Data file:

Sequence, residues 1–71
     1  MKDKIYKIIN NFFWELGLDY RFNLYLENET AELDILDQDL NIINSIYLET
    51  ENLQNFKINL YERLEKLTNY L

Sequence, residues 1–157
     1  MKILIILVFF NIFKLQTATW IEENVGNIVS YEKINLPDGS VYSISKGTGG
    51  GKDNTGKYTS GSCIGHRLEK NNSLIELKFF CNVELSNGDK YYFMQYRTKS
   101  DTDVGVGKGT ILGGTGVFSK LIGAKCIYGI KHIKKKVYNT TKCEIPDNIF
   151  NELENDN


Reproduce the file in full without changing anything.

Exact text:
Sequence, residues 1–71
     1  MKDKIYKIIN NFFWELGLDY RFNLYLENET AELDILDQDL NIINSIYLET
    51  ENLQNFKINL YERLEKLTNY L

Sequence, residues 1–157
     1  MKILIILVFF NIFKLQTATW IEENVGNIVS YEKINLPDGS VYSISKGTGG
    51  GKDNTGKYTS GSCIGHRLEK NNSLIELKFF CNVELSNGDK YYFMQYRTKS
   101  DTDVGVGKGT ILGGTGVFSK LIGAKCIYGI KHIKKKVYNT TKCEIPDNIF
   151  NELENDN